Many funding agencies ask for specific plans for formal evaluation or assessment of proposed education programs, to determine whether the education interventions that are developed are actually serving the students or other intended audience. This kind of formal program evaluation is becoming the norm not only in STEM education proposals, but also in research proposals or cohort training proposals, such as NSF REUs or NRTs.

 

In years past, program evaluation plans that were considered “acceptable” by NSF and other agency peer reviewers often consisted of simple pre- and post-surveys for students. The landscape has changed – this is no longer sufficient!

 

 

What Does a Strong Evaluation Plan Look Like?

 

At its core, a good evaluation plan should involve both of the following:

 

  • Formative Evaluation – collecting feedback during the program so that improvements to the program can be implemented in real time
  • Summative Evaluation – measuring the level of success or proficiency attained by your audience after they’ve completed the program.

 

What Should I Evaluate?

 

A strong evaluation plan includes examples of the kinds of evaluation questions you’ll ask, as well as what you’re aiming to learn by asking those questions. You should be aiming to assess these kinds of outcomes for your audience:

 

  • Cognitive Outcomes – Knowledge of scientific content, acquisition of science practice skills/laboratory skills, research self-efficacy
  • Affective Outcomes – Increased enjoyment, interest, motivation to study the subject material
  • Behavioral Outcomes – Examples could include matriculation into a science career or enrolling in graduate school

 

 

Who Should Perform the Evaluation?

 

To bring legitimacy to your evaluation plan, it’s best to employ an external evaluator who has demonstrated professional experience in designing and conducting program evaluations. Utilizing an external evaluator also helps you avoid conflict of interest and ensure that your evaluation plan is unbiased, since the evaluator is an objective, neutral third party.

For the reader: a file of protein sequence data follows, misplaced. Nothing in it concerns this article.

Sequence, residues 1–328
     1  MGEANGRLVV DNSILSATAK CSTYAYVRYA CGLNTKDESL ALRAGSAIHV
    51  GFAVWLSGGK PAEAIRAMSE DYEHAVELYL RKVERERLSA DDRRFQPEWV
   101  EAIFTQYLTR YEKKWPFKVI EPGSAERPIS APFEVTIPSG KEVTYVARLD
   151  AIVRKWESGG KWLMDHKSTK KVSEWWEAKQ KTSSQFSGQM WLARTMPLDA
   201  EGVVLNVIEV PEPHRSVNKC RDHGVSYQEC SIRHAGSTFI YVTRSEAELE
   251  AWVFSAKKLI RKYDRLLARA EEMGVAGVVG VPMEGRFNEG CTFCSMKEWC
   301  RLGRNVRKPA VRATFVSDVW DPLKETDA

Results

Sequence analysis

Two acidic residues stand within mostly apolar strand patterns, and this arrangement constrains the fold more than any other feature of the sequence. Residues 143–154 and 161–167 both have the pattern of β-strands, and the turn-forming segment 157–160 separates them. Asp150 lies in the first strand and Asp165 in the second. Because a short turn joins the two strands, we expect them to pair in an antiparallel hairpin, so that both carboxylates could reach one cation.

Where Can I Find an External Evaluator?

 

Right here in the College! The Texas Institute for Discovery Education in Science (TIDES) focuses on designing and implementing assessment tools for STEM education programs. TIDES researchers are experts in program assessment, they know the STEM education literature and they know what the current challenges are in STEM education. Contact TIDES to talk more about your program assessment needs.

 

 

What are Some Literature Sources that I Can Cite in My Proposal?

 

Here are some literature sources that can help you learn more about designing good evaluation plans. You might want to cite these in your proposal:

 

The User-Friendly Handbook for Program Evaluation (2010):

This book provides specifics about the “whys” and “hows” of program evaluation. The original version of this handbook (2002) was published by NSF; although not published by NSF, they refer to the 2010 UFHB in several of their program solicitations.

 

Measuring STEM Teaching Practices (2012):

Download it here.

An NSF/AAAS report

 

NSF’s Common Guidelines for Education Research and Development (2013):

http://www.nsf.gov/publications/pub_summ.jsp?ods_key=nsf13126

 

Principal Investigator's Guide, Chapter 5: Planning for Success: Supporting the Development of an Evaluation Plan:

http://www.informalscience.org/evaluation/pi-guide/chapter-5

 

FAQs about the NSF Common Guidelines:

http://www.nsf.gov/pubs/2013/nsf13127/nsf13127.jsp